In conclusion, John Butler Yeats should receive credit for this quotation. His son William Butler Yeats saw the quotation because it appeared in a letter written to him by his father. Carl Sandburg included the quotation in two of his books, but he properly credited John Butler Yeats.
Image Notes: Public domain picture of John Butler Yeats accessible via the U.S. Library of Congress’s Prints and Photographs division. Portrait circa 1900 of William Butler Yeats by his father, John Butler Yeats. Images have been cropped and resized.
(Great thanks to Lori Busch whose inquiry led QI to formulate this question and perform this exploration.)
- 1917, Passages from the Letters of John Butler Yeats, Selected by Ezra Pound, Note: Four hundred copies of this book have been printed, Letter date: September 6, 1915, Quote Page 15, Cuala Press, Churchtown, Dundrum, Ireland. (Verified with scans from archive.org) link ↩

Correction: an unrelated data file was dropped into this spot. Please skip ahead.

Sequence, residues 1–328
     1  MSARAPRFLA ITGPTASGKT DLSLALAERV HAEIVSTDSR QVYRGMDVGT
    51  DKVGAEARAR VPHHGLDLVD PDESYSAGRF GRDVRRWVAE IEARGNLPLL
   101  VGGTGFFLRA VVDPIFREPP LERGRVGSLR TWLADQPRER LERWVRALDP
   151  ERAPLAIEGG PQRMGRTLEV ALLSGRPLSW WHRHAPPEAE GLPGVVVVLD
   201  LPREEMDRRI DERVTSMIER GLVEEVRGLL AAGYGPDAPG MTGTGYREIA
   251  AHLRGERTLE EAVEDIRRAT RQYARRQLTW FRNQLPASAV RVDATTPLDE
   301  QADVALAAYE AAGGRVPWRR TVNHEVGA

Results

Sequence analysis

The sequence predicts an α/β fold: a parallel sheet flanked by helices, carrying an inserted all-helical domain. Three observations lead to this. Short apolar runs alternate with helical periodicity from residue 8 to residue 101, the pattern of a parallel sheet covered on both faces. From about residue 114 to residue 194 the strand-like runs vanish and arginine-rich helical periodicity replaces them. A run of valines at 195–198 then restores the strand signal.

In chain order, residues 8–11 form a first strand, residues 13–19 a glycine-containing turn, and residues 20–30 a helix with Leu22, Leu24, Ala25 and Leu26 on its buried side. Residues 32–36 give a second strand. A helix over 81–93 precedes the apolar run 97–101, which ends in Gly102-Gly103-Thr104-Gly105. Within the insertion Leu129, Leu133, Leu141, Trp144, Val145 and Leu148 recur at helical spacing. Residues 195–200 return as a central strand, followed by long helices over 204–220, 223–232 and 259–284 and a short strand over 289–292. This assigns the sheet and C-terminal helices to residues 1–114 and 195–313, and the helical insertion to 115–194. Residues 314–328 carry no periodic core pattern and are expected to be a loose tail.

- 1917 August, The Athenaeum, Book review of “Passages from the Letters of John Butler Yeats”, Quote Page 413, Column 1, The Athenaeum Office, London. (HathiTrust Full View) link ↩
- 1918 June, Poetry: A Magazine of Verse, Edited by Harriet Monroe, Volume 11, Number 3, Mid-America Awake by A. C. H., Start Page 155, Quote Page 157, Chicago, Illinois. (Google Books Full View) link ↩
- 1920 October 25, University of Texas Bulletin, Number 2060, Rossetti the Poet: An Appreciation by Albert Edmund Trombly (Adjunct Professor of Romance Languages), Chapter 8: Conclusion, Quote Page 85, Published by The University of Texas, Austin, Texas. (Google Books Full View) link ↩
- 1978 (original edition copyright 1930), Early Moon by Carl Sandburg, Illustrations by James Daugherty, Chapter: Short Talk On Poetry, Quote Page 27 and 28, A Voyager/HBJ Book: Harcourt Brace Jovanovich, New York. (Verified with scans) ↩
- 1950, Complete Poems Carl Sandburg by Carl Sandburg, Section: Notes for a Preface, Quote Page xxii, Harcourt, Brace And Company, New York. (Verified with scans) ↩
- 1969 August, Parents’ Magazine & Better Family Living, Volume 44, Issue 8, Poetry is the natural language of children by Nancy Larrick, Start Page 46, Quote Page 47, The Parents’ Institute: A Division of Parents’ Magazine Enterprises, New York. (ProQuest) ↩
- 2001, Random House Webster’s Quotationary, Editor Leonard Roy Frank, Topic: Poetry, Quote Page 606, Random House, New York. (Paperback edition; Verified with hardcopy) ↩